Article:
16 July 2024, 21:51
By Adam Hankinson Apr 01, 2021

The biggest mistake a salesperson can make

What’s the biggest mistake a salesperson can make? Failing to overcome customer objections can be costly, so it’s crucial to make sure all the bases are covered, writes Furniture Sales Solutions' Adam Hankinson …

“Did you ask for the order?” asked Les Ewings. He was the assistant manager, around 60 years of age at the time, the top salesperson – and I was his protege.

At least, that’s what I thought I was. It turned out later that he thought I was a giddy and excitable 16-year-old pain in the a**e that needed training, but was probably going to cost him more money than I made him!

“Oh no,” I said confidently, “they were just looking.” 

Les was built like a 5ft 9in Silverback, around 18st with an almost-bald head, and large-lensed, thick-rimmed glasses. His whole head went purple. 

“You stupid little *****! They all say that …”. 

Les proceeded to ‘re-educate’ me over the next 30 minutes, by asking me all the questions that I should have asked the customer.

That was 39 years ago, but I can still remember his coffee breath penetrating my nostrils as he ‘explained’ things to me whilst standing two inches from my face. I laugh now, and I’m eternally grateful for this – my first, best, and strongest lesson in sales, I received (thankfully) at the very start of my career. The message stayed with me forever.

So, what is the potential cost of the inability to ask for the order and close the sale? We know that across our industry an average order is approximately £1500. If you have five salespeople and they all miss a chance to close one order per week over the year, that’s over £350,000 missed. Ten people means over £700,000, etc. You get the point.

How can you solve this problem? It’s simple, but not easy. We have to think about and agree a number of basics: agree that we might be missing some opportunities, and that it’s our fault (1); accept that sometimes customers will tell you that they need to go away and think about it when, really, they don’t (2); accept that sometimes they’ll say it and really mean it! (3); remember that it’s our job to find out what the ‘it’ is, before they leave, every time (4); and no-one ever died because they asked for the order (5).

Let’s discuss each point one-by-one:

1. By agreeing that there are some extra opportunities, it means that we have a positive challenge – to win additional sales. When we accept responsibility and don’t blame the customer, it’s the first step to finding a way of solving our own problem. This makes us think ‘Okay, what do I need to do differently with my next customer?’ 

This is the beginning of change and improvement.

2. Often, when customers say that they need to go away and think about it, they really believe that that’s what they need to do – and actually leave the building. What they actually need, though, is some time, and sometimes physical space, to consider the facts/options/pros and cons, etc.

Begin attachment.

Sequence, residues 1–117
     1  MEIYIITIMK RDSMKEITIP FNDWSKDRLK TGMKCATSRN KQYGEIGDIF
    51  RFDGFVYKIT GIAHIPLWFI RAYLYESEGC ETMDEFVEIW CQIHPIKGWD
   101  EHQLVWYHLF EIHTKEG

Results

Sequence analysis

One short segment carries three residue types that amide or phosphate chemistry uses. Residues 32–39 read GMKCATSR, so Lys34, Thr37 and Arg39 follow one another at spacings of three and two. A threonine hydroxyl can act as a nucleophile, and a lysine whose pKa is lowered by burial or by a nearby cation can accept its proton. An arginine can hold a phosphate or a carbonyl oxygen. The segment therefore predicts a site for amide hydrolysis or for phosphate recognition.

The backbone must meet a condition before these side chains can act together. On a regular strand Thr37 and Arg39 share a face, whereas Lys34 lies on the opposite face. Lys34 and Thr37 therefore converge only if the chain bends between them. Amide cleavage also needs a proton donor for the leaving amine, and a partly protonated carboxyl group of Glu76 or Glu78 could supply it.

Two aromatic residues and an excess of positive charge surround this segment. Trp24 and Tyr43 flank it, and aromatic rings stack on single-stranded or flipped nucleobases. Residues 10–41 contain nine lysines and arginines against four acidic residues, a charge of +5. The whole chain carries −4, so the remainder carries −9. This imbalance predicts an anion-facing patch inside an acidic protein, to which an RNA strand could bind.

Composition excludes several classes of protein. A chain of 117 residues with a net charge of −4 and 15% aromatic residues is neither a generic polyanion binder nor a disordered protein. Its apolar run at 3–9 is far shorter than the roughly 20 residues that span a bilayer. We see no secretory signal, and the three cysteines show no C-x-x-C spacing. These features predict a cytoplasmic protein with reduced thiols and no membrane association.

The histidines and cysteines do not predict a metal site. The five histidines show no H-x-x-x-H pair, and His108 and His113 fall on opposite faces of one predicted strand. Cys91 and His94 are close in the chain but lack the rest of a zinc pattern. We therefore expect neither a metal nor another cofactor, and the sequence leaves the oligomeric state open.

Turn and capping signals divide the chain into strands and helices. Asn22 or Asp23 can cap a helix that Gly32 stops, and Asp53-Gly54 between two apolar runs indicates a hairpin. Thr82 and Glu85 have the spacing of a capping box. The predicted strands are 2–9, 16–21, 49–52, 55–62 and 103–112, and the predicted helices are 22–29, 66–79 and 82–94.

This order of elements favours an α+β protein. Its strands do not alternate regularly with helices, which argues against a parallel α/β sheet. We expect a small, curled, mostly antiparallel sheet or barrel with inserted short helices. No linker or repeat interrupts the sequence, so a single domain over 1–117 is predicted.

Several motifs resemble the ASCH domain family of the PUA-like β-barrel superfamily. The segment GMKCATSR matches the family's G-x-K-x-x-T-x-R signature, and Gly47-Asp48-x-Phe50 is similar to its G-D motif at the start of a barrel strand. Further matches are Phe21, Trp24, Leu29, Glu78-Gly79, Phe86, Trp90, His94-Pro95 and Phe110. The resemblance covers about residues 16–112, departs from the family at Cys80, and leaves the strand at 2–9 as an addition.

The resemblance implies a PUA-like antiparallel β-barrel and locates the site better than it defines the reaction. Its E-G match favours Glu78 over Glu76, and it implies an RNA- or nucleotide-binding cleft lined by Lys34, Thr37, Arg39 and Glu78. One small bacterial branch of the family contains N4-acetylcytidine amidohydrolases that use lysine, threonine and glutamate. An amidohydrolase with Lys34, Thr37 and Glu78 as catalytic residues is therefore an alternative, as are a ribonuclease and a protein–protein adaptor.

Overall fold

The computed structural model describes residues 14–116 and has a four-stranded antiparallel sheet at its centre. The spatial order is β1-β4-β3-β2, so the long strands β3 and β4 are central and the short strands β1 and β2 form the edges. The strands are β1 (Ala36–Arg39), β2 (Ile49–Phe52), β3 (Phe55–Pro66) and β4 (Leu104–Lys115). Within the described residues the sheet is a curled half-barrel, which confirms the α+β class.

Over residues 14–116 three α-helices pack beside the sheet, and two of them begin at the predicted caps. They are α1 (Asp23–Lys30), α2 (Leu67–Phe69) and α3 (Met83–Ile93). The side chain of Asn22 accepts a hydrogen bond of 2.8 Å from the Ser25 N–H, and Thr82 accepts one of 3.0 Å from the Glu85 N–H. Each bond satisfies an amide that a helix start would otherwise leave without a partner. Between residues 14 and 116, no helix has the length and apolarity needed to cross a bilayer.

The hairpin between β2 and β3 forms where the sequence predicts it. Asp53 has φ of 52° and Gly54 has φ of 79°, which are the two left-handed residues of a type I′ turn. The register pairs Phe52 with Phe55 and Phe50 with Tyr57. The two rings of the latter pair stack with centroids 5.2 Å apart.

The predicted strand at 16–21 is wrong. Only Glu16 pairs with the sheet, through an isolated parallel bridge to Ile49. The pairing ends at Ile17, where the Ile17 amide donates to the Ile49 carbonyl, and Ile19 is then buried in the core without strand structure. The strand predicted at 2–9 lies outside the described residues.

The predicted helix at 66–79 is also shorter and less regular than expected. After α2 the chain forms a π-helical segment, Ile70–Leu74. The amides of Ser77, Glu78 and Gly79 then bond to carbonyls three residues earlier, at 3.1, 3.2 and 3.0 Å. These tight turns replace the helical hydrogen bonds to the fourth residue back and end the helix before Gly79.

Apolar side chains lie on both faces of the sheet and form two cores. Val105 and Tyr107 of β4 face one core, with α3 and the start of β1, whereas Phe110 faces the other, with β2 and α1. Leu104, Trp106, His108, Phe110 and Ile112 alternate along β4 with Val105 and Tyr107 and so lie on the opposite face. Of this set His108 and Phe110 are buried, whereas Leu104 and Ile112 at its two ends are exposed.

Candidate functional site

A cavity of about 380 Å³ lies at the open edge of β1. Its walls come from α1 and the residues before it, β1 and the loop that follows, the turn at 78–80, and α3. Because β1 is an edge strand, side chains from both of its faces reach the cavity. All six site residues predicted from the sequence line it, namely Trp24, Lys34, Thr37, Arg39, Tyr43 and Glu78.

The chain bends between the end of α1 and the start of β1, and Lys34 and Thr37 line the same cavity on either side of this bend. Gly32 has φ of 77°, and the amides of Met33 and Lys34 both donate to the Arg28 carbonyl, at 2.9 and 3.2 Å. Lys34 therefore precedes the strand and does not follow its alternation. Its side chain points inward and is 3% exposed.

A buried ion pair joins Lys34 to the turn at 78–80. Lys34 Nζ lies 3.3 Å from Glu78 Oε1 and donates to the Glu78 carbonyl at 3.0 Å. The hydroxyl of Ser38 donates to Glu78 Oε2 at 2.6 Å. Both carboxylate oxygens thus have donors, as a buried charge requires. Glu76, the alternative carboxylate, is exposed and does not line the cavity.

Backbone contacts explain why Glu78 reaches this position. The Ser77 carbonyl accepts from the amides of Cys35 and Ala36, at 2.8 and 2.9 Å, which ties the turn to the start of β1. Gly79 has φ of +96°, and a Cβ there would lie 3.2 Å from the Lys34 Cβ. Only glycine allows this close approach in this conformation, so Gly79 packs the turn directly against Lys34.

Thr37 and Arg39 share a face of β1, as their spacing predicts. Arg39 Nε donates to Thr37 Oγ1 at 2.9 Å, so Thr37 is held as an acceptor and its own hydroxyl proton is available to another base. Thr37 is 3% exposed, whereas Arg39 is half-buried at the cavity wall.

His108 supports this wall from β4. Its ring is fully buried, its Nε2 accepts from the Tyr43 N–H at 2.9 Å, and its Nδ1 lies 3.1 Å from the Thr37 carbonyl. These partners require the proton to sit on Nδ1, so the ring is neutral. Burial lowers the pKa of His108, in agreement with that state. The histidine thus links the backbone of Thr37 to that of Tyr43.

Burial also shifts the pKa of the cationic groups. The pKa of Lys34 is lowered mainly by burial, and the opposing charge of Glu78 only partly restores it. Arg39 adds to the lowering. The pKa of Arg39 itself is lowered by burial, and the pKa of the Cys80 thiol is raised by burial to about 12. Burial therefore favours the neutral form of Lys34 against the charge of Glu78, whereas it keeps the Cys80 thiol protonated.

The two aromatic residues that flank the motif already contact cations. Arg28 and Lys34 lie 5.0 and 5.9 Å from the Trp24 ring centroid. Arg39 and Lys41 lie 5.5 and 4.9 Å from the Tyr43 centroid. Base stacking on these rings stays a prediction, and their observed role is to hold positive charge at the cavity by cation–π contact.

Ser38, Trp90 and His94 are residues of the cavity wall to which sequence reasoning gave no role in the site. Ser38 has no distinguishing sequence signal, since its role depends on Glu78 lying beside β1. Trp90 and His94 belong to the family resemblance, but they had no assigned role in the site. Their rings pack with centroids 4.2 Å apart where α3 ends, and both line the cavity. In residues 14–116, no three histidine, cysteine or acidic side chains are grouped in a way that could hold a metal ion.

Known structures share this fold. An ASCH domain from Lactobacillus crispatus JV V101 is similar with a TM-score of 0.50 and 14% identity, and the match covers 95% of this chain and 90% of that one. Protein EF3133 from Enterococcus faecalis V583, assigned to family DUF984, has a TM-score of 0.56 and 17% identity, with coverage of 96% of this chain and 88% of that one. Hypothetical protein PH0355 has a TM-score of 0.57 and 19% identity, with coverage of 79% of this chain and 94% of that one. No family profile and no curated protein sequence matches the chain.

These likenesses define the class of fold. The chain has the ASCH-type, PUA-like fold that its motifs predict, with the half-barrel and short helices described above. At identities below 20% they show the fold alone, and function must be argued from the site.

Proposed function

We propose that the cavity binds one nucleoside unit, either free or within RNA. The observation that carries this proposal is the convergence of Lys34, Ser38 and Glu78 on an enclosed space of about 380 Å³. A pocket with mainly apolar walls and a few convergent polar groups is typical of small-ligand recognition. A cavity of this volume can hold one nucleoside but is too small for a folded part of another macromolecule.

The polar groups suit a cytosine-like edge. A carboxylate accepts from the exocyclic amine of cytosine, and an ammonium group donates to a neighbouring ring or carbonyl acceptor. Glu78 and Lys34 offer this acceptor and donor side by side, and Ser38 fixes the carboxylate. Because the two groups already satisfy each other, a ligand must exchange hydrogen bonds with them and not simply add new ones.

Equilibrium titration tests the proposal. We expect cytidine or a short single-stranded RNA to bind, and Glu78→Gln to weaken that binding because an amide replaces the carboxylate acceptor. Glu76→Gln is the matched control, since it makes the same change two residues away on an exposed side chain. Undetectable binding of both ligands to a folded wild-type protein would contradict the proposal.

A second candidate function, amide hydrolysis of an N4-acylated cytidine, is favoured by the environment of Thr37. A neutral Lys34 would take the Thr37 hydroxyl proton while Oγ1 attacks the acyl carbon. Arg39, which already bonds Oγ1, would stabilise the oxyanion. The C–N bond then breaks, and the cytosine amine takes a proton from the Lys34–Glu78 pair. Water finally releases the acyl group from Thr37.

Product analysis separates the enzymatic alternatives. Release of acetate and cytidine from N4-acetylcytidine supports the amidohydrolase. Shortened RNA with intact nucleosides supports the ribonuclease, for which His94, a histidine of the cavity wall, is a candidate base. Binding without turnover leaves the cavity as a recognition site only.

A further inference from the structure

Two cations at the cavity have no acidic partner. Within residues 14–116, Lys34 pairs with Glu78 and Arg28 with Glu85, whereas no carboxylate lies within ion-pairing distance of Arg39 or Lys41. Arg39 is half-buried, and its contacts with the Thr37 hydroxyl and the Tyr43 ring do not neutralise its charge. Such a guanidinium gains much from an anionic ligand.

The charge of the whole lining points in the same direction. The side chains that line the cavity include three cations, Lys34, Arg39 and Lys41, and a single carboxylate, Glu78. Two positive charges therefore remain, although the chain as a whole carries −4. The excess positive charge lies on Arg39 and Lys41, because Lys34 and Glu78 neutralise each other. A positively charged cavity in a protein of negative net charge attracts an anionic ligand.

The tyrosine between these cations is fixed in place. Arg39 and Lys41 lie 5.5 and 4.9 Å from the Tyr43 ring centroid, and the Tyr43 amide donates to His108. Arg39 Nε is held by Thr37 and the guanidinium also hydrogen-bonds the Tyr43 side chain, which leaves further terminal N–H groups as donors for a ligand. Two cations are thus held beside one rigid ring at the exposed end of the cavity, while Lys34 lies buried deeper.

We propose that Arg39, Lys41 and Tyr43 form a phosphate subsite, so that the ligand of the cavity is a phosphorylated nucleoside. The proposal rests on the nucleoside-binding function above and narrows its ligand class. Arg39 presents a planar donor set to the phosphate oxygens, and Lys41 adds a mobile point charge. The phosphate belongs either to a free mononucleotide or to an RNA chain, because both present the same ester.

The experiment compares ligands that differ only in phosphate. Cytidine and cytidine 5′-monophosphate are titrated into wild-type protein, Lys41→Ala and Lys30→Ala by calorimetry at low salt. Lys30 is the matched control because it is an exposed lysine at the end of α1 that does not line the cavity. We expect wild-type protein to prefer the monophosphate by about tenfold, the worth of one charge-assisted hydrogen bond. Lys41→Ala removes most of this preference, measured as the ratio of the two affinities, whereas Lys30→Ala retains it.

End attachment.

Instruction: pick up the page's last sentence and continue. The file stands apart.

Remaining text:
We should definitely not just accept that they need to leave and give them all they need on a card or piece of paper (in effect giving them a ticket out of the store). We need to help the customer think clearly and feel good by asking them clarifying, qualifying and disqualifying questions. 

“Are you happy with x, y, z?” 

“You said you didn’t want a, b and c, is that right?” 

“You wanted your new sofa/bed/carpet to do d, e, and f? Do you feel that this product does that?” 

We are helping the customer clear the clouds of confusion from their mind’s eye.

3/4. With an industry average first-time visit conversion of less than 30%, we know that the majority of customers will want and need to ‘go home and think’ about it. Meaning – discussing sizes, finances, suitability, and any other relevant reason. Our job, as ever, is to learn more about what the ‘it’ is or are, and ensure that we’ve clarified with the customer their priorities, needs and wants.

We must create a checklist in our and our customer’s mind that we can both ‘tick-off’, first confirming these as their concerns, and then answering these concerns to the customer’s satisfaction. Always remember that it’s doubt and uncertainty that prevents these customers from going ahead.

5. Smile and ask for the order – every single time. If you have asked all the relevant questions and matched wants and needs, you’ve earned the right. 

Then just say: “How would you like to pay?”; “Let’s write up the order”; “Let’s go ahead”; “Let’s do it”; or “That’s £1500 please – are you paying cash or card?”

Have you earned the right?

How you ask is far less important than actually asking every time. Ask yourself the following questions to decide if you’ve ‘done enough’ to ask for the order:

• Have I been genuinely interested?

• Do I have a full understanding of the customer’s situation, needs and wants?

• Have I solved the customer’s problems?

• Is it affordable? (this is not a budget question)

• Have I discovered the customer’s priorities?

• Have I removed sufficient doubt in the customer’s mind?

• Is this the right product or service for the customer?

If you can answer ‘yes’ to all of these questions, then you must ask for the order.

You have absolutely nothing to lose.Nobody ever got shot for asking for the order.

This article was published in the April 2021 issue of Furniture News magazine.

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